That he was up against a Bangladesh side still scarring from the wounds inflicted by Rashid Khan and Mujeeb-ur-Rahman a day ago, worked in Jadeja’s favour. But it was a memorable, even tense, occasion for Jadeja. “I will always remember this comeback because I returned to the team after a gap of around 480 days,” he said after the match.

The wicket was slow but Jadeja was a skiddy customer who, according to a few critics, had just two variations – an arm ball and an orthodox left-arm spinner’s delivery. What he did and what many of his competitors don’t have is an experience. This showed in his bowling and even more matured talk after the performance.

“On a slow wicket, you have to bowl with more of your own effort. On a normal wicket, the ball goes through quickly after bouncing so it doesn’t give the batsman as much time. But on a slow wicket you have to bowl with more effort,” said Jadeja.

He started off with two boundary balls against Shakib, forcing many on social media to immediately write him off. With odds stacked against him, Jadeja needed a stroke of luck and it came in the form of a reckless shot from Shakib-al-Hasan, the most experienced in the Bangladesh side.

In cricket, a commonly mentioned quip is, “one often brings many”. It held true for Jadeja who was a completely different bowler after the dismissal of Shakib. He sent down a two-run over against Mushfiqur Rahim and Mohammad Mithun, the duo who had played the firefighting role to perfection in the opening match of the tournament against Sri Lanka.

The drinks break soon after rejuvenated Jadeja and he returned to send back Mithun in the first over after the break, playing tricks with his mind and trapping him in front with a customary arm ball. Next over, Rahim contributed to the misery with a heedless reverse sweep. By now Jadeja was in his stride and he added one more to his kitty to finish with tidy figures of 4/29 in his quota of overs.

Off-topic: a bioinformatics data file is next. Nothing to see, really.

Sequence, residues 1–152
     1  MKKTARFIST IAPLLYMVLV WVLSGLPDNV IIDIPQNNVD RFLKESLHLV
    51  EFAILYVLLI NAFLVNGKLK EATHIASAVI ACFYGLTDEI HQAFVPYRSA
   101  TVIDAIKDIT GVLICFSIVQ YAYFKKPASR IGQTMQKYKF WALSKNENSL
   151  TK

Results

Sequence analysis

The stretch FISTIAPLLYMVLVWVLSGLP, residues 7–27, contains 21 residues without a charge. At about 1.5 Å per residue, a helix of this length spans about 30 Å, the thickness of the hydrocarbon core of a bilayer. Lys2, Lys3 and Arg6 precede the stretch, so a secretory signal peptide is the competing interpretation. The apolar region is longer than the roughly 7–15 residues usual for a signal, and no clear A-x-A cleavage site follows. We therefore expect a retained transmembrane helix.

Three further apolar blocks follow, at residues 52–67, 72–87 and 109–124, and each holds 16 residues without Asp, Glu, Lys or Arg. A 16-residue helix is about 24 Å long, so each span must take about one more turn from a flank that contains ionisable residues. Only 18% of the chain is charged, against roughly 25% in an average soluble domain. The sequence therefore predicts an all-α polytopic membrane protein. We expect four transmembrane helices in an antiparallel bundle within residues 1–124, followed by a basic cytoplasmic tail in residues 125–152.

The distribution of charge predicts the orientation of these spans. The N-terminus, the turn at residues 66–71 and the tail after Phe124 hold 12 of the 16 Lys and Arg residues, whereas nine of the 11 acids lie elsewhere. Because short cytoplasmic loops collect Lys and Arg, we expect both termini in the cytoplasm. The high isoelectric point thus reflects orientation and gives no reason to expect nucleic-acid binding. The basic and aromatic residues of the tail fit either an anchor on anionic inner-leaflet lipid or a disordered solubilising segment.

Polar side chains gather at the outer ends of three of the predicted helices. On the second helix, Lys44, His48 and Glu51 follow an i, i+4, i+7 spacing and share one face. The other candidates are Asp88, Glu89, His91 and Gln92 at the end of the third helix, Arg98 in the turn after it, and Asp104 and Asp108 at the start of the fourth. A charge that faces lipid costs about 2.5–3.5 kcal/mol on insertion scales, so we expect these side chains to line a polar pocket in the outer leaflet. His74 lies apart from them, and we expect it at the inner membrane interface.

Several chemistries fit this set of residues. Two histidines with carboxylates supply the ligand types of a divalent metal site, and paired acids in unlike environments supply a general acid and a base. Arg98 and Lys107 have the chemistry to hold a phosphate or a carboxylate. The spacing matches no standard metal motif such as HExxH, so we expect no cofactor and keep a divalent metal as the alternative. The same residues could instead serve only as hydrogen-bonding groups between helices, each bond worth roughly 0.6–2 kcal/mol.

It might be too far-fetched to say Jadeja has sealed his World Cup spot with this show for he had always been an effective bowler in the sub-continent. It is how he performs on greener tops that the selectors and management will watch with keen eyes.

But one can hope and Jadeja is certainly not ruling out the possibility.

“The World Cup is still some time away, we’re going to play a lot of matches before that, and I can’t comment on that yet. My ambition is to perform the way I did today whenever I get the opportunity.”

If he can chip in with the bat as well, India with limited options in the all-round department will be interested to take Jadeja to another multi-nation tournament next year. There are a lot of IFs on the way but the first step has turned into a giant leap for the Saurashtra spinner. Don’t rule him out yet!

 

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About the Author

mm

A cricket enthusiast striving to convey the finer details of the game in a capsule. I hope to present a bird's eye view of the game as I see it to the readers. PS: I am smitten by the likes of ABD but crush on pace bowlers who can make the ball talk.